default: ret = "..."; break;
        }
        return ret;
    }
}
// somewhere else...
public static string convert(int x, Language lang) {
    return getLanguage(lang).convert(x);
}
public static ILanguage getLanguage(Language lang) {
    switch (lang) {
        case Language.English: return new English() ; break;
        case Language.Spanish: return new Spanish() ; break;
        default: throw new Exception();
    }
}

We have turned 21 lines in one file into 36 in three files (not counting namespaces and imports). Does this new structure give us any additional safety when we add a new concrete implementation? How about when we add a new enum value? This code is even more likely to cause bugs than the first, because now we have an implicit coupling between the enum and the concrete class. We could get rid of the enum, and “pass in concrete class” but something still has to say which concrete class to instantiate.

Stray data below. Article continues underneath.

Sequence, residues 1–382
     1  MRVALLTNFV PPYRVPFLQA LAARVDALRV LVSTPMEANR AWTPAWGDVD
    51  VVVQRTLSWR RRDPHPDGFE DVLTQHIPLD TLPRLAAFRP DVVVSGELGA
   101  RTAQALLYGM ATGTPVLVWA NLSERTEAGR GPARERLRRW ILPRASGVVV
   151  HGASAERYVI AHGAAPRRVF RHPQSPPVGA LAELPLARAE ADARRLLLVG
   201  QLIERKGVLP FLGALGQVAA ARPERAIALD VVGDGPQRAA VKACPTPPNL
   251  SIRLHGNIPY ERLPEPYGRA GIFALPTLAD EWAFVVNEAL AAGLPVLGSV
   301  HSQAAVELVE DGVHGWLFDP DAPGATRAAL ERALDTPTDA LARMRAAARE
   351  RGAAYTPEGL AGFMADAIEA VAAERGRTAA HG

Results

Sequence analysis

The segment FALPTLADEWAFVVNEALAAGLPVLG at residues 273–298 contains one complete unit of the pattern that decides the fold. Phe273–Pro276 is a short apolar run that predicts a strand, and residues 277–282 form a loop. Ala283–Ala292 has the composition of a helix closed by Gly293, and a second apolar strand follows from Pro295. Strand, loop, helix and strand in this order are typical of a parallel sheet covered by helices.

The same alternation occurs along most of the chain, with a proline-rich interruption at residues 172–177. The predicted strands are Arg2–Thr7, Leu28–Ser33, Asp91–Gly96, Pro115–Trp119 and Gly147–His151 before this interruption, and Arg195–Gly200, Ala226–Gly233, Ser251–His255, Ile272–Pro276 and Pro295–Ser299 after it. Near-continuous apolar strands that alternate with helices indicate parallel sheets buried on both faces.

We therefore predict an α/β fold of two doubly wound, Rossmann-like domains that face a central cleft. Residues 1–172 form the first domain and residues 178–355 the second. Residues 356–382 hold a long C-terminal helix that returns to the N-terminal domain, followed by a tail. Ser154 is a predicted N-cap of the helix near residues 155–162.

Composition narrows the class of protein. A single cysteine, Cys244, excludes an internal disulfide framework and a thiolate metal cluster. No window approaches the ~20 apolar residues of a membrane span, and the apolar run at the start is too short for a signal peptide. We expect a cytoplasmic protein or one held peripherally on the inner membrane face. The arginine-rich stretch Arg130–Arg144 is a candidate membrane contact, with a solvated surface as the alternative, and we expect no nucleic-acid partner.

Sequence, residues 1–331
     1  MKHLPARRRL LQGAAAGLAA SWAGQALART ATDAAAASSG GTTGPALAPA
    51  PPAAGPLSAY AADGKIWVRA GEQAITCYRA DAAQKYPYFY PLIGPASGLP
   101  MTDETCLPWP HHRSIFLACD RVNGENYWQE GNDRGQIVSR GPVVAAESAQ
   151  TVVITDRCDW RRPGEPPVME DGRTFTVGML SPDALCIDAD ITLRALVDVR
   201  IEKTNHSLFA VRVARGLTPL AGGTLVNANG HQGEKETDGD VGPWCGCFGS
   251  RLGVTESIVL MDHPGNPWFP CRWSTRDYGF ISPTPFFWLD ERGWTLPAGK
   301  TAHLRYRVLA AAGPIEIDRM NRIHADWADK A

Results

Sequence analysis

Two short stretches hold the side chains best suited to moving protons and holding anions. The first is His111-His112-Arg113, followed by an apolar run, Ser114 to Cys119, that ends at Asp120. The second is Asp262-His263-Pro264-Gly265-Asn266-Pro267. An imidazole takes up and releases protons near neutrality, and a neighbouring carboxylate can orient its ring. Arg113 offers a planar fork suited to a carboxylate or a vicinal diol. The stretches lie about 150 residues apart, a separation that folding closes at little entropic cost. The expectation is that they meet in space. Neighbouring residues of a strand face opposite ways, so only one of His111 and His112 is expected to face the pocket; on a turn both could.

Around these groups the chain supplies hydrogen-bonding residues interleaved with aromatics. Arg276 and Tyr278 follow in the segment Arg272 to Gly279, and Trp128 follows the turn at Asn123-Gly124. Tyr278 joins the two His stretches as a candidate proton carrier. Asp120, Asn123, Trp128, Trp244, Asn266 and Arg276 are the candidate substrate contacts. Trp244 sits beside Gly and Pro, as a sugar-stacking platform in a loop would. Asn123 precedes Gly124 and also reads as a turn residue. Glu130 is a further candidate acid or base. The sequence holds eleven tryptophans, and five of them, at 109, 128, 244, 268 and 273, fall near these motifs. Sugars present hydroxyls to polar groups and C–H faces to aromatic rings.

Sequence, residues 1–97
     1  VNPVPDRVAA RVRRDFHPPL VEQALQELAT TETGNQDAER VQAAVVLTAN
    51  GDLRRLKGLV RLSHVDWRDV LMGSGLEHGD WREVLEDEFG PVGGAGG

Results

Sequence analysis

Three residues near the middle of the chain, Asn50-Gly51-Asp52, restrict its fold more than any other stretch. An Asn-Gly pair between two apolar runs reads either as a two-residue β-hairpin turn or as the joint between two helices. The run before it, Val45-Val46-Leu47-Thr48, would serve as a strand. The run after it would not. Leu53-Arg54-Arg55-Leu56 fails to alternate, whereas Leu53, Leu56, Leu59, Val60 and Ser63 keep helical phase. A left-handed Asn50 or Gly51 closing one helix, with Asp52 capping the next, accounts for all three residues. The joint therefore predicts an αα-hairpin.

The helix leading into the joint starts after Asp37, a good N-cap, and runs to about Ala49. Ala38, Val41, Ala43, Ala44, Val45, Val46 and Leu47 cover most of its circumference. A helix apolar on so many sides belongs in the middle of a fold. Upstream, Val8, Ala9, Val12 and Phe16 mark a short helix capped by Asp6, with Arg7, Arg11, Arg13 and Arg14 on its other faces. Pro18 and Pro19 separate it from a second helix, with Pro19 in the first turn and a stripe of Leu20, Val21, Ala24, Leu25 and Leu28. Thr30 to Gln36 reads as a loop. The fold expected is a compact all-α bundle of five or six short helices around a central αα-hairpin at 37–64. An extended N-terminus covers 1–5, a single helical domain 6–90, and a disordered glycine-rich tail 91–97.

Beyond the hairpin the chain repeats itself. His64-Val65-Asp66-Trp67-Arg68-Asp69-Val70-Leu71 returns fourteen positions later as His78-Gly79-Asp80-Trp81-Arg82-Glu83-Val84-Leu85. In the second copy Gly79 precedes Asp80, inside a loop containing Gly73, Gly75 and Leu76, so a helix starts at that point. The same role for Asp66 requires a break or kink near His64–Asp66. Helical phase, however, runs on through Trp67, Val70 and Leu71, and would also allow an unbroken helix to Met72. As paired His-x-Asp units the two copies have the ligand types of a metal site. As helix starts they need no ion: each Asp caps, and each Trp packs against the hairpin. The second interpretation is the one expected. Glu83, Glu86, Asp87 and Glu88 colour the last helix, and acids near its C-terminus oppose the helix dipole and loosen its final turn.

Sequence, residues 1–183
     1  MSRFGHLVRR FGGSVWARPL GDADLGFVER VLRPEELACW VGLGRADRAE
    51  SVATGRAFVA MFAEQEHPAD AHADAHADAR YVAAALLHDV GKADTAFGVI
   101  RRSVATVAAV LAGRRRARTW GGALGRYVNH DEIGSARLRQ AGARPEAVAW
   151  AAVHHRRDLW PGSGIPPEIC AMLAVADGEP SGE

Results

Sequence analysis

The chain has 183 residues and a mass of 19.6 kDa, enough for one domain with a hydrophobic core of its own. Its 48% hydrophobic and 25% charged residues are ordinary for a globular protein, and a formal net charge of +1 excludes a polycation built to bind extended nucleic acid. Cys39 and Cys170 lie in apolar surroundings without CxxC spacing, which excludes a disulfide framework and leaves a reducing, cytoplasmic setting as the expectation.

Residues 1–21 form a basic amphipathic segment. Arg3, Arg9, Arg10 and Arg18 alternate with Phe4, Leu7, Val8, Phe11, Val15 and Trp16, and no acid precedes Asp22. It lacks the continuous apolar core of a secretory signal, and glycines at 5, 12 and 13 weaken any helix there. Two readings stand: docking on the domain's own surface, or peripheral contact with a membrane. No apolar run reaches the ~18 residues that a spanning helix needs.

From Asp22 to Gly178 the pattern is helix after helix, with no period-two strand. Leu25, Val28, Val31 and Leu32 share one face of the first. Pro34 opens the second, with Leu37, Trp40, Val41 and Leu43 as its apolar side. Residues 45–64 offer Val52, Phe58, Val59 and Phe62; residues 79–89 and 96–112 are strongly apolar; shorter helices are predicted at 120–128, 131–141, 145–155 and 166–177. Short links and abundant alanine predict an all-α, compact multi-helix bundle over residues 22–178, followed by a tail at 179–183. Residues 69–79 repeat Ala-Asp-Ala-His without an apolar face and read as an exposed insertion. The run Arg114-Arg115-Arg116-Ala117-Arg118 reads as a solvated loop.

Imagine if the compiler could warn us when either the enum or the class changed. Imagine if instead of having to hunt down the possible uses, we could just compile and fix the errors.

Good news, we can!

Check out this F# code. If you have never seen F# before, I know, it looks completely crazy! It still looks a little weird to me, but just try to read it. I think you will surprise yourself. This is a function called convert, and if you keep in mind that the types always come AFTER the value, the code makes a lot more sense. A parameter in C# would be int number; in F# it is written number:Int. Don’t ask me why. The match number with is just how you do the equivalent to a switch/case in C#, but you will see in a second it is a lot more powerful!

let convert(number:Int, lang:Language) :string =
    match lang with
        | Language.English -> 
            match number with
               | 1 -> "one" 
               | 2 -> "two" 
               | _ -> "..."

We are using the same enum from the C# file, but it is missing something, right? Where are the Spanish and German parts? I try to compile this and what do I see?